Forget social networking! How many real friends do you have?
Sometimes it’s the fiery trials that reveal the real person. Anybody can handle life well when circumstances are going well and things are happening the way you want them to happen. But what happens when the circumstances you are facing are not going so well and the very thing you want to happen is not happening? How do you respond? What are you thinking during these difficult times? What do you do in response to these kinds of situations? We have to be honest and admit that times of trial and suffering not only reveal our true nature and character, but it can also help us grow to think and act like Jesus Christ, and as a result, God is glorified. Peter wrote these words in 1 Peter 1:6-7 “In this you greatly rejoice, even though now for a little while, if necessary, you have been distressed by various trials, so that the proof of your faith, being more precious than gold which is perishable, even though tested by fire, may be found to result in praise and glory and honor at the revelation of Jesus Christ.”
The big question today is: What do you do when your friend is facing trials & suffering?
Tell Them You Love Them
For you to tell your friend that you love them means a lot to a person. To let them know that you really care about them – enough to tell and to show them. Sometimes, a simply phrase like, “I love you my friend” can go a long way in building a relationship and in helping that friend make through the fiery trial they are facing.
I think sometimes we underestimate the power of our words. It’s not just what we say, but how we say it and when we say it. When you tell somebody you love them and care about them, don’t do it in a half-hearted manner. If that happens, your friend probably won’t believe you or will at least doubt the sincerity of what you just said – especially if the tone of your voice doesn’t really communicate the passion and sincerity of what you just said.
Timing is also an important element in telling someone you love them. When that friend is hurting in some way, or struggling with responding to a trial in a way that is pleasing to God (they probably don’t understand why a loving God would allow something like this to happen), your timing can make a huge difference. Tell your friend that you love them when you find out about the trial they are facing, but then call them back the next day, or the next couple of days, and tell them, “I love you my friend, and I really care about you.”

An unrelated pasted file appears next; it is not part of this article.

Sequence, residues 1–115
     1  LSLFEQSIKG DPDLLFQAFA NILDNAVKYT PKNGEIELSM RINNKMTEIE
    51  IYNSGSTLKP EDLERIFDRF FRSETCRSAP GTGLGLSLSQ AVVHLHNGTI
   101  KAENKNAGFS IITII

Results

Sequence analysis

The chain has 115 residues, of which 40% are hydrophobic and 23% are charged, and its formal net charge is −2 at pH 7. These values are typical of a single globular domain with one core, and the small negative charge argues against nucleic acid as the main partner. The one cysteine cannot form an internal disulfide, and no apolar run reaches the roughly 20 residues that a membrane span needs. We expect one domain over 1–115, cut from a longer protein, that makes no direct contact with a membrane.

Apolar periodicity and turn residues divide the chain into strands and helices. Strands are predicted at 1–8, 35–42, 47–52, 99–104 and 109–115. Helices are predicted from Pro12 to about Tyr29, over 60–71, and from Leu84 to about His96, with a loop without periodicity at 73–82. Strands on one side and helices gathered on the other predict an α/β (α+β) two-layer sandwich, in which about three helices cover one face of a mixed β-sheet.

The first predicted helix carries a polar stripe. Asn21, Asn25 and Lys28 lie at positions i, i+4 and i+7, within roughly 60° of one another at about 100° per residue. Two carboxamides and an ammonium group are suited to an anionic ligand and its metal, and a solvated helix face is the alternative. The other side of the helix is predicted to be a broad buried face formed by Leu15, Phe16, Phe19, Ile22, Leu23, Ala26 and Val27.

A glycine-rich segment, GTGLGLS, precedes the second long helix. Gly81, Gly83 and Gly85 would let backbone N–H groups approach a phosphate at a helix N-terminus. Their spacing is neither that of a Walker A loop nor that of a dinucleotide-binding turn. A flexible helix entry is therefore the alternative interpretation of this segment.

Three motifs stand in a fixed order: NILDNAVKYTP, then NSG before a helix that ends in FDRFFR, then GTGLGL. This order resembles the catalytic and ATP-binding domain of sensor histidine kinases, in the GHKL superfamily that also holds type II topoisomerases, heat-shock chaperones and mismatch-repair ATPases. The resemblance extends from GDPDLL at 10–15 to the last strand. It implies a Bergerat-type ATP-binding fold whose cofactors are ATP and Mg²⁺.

Tell Them You Are Praying for Them
What an encouragement it is to know what your friends are praying with you and praying for you. It’s not the act in and of itself that is encouraging, it’s the fact that you are talking to the God of the Heaven who is “able to do exceedingly abundantly above all that we could ask or think” (Ephesians 3:20). Think about that wonderful privilege – to come boldly to the Throne of Grace that “we might obtain mercy and find grace to help in the time of need” (Hebrews 4:16).
For your friend to know that you are praying for them can be a huge source of encouragement and comfort. And while you are telling them that you are praying for them, you can also pray with them right then while you are talking together. Don’t put it off – take a minute or two and pray for your friend while the two of you are talking to each other. Ask God to give them wisdom during this time of trial or suffering. Ask the Lord to let your friend see how God’s grace is sufficient and His strength is made perfect in our weaknesses (2 Corinthians 12:9). While God has a will, and it will be accomplished, He also tells us that we do not have because we do not ask (James 4:2).
Be With Them When They Need You the Most
When my father died in 1983, I had a friend that drove all the way from Greenville, SC, to Decatur, Alabama, where my dad’s funeral was being held. I was shocked when my friend walked in the door of the funeral home about 30 minutes before the funeral began. I told him I didn’t expect him to come, and I didn’t think he was able to come. He said to me, “Mark, people are important.” I’ve never forgotten that phrase, and my friend modeled that phrase with love, prayers, and being by my side when I needed him the most. When his mother died, I was there for him. When my mother died just a few months ago, he was there for me. When he called me on May 19th, and told me his dad just died, I made a decision – I’m going to be with my friend.
There are some things people will never forget, and one of them is when you were there with them, standing beside them, and helping them through the fiery trials of life. Be the kind of friend that Jesus is – love you friend, pray for your friend, and be there for your friend!